May Wildflower Watch – Bogbean, Garlic Mustard and Skunk Cabbage

Bogbean at Hemelite Bay

Bogbean at Hemelite Bay

Michelle Salter writes:

The pretty, white flowers of Bogbean have been appearing along the edges of the reedbeds at Hemelite Bay. Bogbean is a creeping aquatic perennial that grows along the sides of lakes, ponds or slow-flowing rivers. Often forming large colonies, Bogbean plants help to protect the greenery of the reedbeds against damage from Canada Geese.

Bogbean flowers

Bogbean flowers at Hemelite Bay

The flower buds of Bogbean are rose-pink and open up into feathery white stars as the petals are fringed with white threads. The plant has distinctive three-lobed shiny leaves raised on long stalks to avoid shade. The leaves of Bogbean have been used to flavour beer, giving the plant the alternative name of ‘bog hop’.

Garlic Mustard

Garlic Mustard by railway footpath

Garlic Mustard, also known as Jack-by-the-Hedge, because of the long lines of white flowers that form alongside hedges in spring, is currently in flower and can be seen at the side of the footpath by the railway.

When crushed, the leaves have a distinct smell of garlic, and the flowers attract a large number of moths and butterflies, including the colourful Orange-tip.

Skunk Cabbage

Skunk Cabbage in Brookly Glade

The dreaded Skunk Cabbage, Lysichiton americanus, has been popping up all around the pond’s margins, originating from the large patch that grows just over the fence by Brookly Bridge. This patch of Skunk Cabbage marks the remains of what was once a private garden that housed other exotic imports, such as bamboo, which can be seen growing vigorously along the stream’s banks.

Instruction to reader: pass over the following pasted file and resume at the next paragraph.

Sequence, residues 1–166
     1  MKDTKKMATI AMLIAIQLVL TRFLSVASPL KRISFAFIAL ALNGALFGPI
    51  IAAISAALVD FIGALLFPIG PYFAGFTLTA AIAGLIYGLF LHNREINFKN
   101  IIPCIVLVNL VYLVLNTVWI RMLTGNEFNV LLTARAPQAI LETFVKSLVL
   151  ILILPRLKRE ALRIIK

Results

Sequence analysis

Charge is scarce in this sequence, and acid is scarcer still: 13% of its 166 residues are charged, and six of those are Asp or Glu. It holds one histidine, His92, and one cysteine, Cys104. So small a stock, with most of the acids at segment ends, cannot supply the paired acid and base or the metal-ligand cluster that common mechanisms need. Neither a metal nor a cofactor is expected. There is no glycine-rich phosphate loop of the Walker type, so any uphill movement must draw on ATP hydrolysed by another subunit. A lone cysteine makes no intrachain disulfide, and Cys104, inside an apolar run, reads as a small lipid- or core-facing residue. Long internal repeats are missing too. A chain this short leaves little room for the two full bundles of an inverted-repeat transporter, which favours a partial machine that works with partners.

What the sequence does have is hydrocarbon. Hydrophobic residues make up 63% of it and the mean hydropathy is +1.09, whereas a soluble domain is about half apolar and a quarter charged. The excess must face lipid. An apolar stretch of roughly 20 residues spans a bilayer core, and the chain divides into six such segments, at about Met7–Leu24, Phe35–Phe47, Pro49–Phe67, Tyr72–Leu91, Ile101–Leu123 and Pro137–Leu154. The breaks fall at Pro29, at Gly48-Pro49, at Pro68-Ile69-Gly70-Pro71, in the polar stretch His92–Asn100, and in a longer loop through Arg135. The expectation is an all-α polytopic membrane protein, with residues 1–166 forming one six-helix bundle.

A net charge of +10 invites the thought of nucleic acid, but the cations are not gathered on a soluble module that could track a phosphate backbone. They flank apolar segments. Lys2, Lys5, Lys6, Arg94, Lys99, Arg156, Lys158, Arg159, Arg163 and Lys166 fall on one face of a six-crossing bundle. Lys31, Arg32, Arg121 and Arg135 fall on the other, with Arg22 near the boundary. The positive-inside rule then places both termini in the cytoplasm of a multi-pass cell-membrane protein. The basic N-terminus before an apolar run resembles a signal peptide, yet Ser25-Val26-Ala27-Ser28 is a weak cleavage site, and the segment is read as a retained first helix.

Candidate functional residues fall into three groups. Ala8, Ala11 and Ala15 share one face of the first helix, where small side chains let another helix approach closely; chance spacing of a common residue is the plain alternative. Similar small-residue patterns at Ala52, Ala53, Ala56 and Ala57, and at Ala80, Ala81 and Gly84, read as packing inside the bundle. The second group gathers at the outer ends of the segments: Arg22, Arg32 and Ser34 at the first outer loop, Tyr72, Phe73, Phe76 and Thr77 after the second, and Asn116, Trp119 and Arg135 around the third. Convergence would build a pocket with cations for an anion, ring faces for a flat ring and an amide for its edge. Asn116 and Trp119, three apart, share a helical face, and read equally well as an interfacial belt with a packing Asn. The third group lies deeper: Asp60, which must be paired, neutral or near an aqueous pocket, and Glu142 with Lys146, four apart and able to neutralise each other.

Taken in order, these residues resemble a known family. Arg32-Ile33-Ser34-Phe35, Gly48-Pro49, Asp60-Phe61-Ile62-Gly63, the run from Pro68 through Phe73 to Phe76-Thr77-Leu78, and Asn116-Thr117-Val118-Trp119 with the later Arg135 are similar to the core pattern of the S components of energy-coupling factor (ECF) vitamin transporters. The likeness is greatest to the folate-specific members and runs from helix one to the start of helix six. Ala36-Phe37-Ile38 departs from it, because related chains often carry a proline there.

Skunk Cabbage is thought to have been introduced to this country from North America in 1901. A marginal aquatic perennial that grows in boggy areas and shallows, the plant seeds freely and will soon spread the full length of a stream and beyond. Sizeable clumps are now appearing all around the pond; these can cause problems as they shade out other vegetation.

Skunk Cabbage is so named because of the strong, musky scent the flowers produce to attract pollinating insects in spring. Its huge green leaves can grow up to a metre tall. The striking yellow flowers that recently appeared are now being followed by knobbly seed heads.

Bluebells at Sandhills

Bluebells at Sandhills

For a pleasanter fragrance, try walking along the banks at Sandhills where there are still some lovely displays of bluebells.

Next month: Watch out for the tall flowers of Yellow Flag iris which are already starting to appear around the pond.

 

Picture credits: Michelle Salter

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